Palace Skateboards Teams With Juventus Soccer Team

Juventus' players sported uniforms branded by Palace during a match against Genoa on Wednesday night.

ON THE FIELDS: In an unexpected move, Wednesday’s night soccer match between the Turin-based Juventus team and Genoa turned out to be a fashion affair.

Juventus’ players, including Cristiano Ronaldo, took the audience by surprise appearing ahead of and during the match sporting a training uniform and new jerseys, both branded by London-based streetwear firm Palace Skateboards, in addition to Adidas’ three-stripe logo. The German sportswear giant has served as Juventus’ partner since 2015.

The Palace Juventus kit includes predominantly white items such as a tracksuit, a T-shirt, a training uniform, as well as a scarf and hat in addition to the soccer club’s jerseys. The lineup is peppered with neon green and orange details.

A release date for the collection has yet to be announced.

“It’s a great fusion between soccer and fashion to further widen our borders,” said Giorgio Ricci, Juventus chief revenue officer. “We wanted to make a surprise by appearing on the soccer field with a jersey that stems from the collaboration with an iconic and world-renowned skater brand,” he added.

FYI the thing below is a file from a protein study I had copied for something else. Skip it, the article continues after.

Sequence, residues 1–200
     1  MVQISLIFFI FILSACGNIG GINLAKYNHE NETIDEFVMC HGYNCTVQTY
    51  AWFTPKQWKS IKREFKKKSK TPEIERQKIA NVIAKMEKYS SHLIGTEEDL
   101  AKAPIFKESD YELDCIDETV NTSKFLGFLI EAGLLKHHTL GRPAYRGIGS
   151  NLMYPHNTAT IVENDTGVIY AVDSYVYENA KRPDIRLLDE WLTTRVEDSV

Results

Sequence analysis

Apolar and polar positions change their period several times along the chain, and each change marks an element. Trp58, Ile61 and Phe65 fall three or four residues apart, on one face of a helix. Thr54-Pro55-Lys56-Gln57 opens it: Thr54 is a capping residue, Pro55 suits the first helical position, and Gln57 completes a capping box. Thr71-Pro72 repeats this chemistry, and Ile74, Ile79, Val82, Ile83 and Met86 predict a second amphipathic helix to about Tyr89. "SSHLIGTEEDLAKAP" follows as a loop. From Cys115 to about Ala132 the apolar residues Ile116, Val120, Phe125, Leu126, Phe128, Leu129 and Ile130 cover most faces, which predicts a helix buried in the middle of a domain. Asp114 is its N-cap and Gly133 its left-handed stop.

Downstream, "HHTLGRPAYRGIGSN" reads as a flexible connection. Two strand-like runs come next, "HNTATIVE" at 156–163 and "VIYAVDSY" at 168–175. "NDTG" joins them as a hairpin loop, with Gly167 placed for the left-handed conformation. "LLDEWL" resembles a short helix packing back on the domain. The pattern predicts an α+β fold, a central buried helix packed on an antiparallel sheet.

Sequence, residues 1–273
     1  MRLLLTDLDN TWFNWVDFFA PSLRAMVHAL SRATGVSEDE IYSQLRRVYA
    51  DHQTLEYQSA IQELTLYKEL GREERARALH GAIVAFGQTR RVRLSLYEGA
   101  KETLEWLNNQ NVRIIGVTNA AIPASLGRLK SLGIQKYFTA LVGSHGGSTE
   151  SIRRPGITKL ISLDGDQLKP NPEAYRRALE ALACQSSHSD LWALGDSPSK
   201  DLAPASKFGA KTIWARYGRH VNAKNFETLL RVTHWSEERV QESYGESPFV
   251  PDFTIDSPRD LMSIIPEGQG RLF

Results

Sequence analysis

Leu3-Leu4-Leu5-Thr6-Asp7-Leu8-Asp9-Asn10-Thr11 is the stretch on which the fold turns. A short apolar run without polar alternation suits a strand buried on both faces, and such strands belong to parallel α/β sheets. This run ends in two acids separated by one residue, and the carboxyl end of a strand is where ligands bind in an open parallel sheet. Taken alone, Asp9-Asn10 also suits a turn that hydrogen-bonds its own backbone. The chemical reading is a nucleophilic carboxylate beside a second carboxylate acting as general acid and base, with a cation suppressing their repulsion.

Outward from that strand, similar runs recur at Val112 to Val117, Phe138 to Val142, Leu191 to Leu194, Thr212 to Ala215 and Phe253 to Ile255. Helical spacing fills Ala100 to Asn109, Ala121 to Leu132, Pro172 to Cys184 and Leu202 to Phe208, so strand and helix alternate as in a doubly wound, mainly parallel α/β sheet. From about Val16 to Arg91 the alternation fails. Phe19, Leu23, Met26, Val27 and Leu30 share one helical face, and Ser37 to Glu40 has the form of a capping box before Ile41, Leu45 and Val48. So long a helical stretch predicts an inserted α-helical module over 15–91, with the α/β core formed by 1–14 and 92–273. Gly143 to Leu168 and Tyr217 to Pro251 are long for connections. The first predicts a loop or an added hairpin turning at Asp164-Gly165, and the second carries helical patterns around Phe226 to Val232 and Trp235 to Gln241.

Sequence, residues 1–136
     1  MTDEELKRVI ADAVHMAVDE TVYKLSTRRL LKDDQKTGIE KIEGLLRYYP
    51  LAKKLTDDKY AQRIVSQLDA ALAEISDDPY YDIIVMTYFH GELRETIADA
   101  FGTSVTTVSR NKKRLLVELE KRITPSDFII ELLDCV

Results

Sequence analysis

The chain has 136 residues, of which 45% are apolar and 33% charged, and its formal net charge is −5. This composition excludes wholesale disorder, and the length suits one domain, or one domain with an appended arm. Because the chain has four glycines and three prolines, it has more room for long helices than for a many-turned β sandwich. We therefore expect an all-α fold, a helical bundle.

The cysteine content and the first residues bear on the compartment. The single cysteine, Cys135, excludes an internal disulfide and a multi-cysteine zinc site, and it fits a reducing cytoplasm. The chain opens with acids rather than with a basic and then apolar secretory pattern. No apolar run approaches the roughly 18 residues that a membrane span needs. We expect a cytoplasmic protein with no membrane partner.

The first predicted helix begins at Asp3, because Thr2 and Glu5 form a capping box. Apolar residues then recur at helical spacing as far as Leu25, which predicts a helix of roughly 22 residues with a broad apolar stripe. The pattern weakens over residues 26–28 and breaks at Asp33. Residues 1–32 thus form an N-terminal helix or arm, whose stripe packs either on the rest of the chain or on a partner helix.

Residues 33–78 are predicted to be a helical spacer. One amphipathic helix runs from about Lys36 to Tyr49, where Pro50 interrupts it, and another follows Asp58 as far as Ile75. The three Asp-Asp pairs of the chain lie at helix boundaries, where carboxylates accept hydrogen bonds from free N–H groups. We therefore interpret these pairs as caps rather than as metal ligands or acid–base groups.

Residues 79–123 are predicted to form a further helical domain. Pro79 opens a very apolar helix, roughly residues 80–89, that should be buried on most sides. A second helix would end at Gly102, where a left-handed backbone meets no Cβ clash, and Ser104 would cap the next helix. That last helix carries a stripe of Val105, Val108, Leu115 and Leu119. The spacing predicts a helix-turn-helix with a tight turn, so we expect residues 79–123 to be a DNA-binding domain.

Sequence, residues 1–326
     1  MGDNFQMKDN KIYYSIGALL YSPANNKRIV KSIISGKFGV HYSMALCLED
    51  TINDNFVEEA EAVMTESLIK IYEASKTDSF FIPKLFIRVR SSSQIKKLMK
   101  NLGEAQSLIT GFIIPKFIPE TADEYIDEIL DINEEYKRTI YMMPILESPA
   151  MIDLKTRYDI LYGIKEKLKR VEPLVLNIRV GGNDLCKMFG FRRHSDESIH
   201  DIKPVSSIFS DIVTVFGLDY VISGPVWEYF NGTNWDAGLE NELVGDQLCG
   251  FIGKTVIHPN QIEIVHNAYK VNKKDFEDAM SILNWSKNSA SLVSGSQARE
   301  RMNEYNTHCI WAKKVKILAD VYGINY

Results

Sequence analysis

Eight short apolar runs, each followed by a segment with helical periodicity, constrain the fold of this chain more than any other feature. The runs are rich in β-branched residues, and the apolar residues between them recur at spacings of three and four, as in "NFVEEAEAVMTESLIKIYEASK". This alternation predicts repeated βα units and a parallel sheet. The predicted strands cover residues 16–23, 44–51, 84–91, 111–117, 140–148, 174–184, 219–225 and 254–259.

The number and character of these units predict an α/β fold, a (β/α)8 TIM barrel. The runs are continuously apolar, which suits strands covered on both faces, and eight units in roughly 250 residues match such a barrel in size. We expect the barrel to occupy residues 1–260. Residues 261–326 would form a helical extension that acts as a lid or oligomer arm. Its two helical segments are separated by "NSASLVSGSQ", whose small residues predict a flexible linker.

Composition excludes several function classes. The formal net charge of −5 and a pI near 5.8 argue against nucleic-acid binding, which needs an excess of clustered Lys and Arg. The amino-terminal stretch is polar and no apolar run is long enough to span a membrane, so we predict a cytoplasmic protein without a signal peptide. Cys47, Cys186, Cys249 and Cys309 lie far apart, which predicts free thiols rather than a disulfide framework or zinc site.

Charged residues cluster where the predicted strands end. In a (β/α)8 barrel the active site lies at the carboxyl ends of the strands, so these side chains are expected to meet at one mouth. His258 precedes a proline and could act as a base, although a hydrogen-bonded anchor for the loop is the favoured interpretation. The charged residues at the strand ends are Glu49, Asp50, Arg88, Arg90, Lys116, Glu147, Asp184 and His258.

Despite marking the first time Palace is partnering with a soccer team, the British skate firm has previously linked with Adidas to create a court-ready lineup called Adidas tennis by Palace collection, which made its debut last year.

Over the years Palace has collaborated with Polo Ralph Lauren and Umbro, widening its appeal beyond the skater world and attracting thousands of fans to weekly product drops at its four stores, in London, New York, Los Angeles and Tokyo.

The collaboration comes a year after Paris Saint-Germain teamed up with Nike Inc.-owned Jordan Brand on a collection.

Earlier this year, WWD reported Palace was said to have held under-the-radar discussions to sell a stake.

Founded in 2009 by Levent Tanju and his crew of skaters, Palace initially sold decks and clothes with its triangular logo in London skate shops, eventually gaining traction among high-end retailers, including End Clothing, Maxfield and Dover Street Market.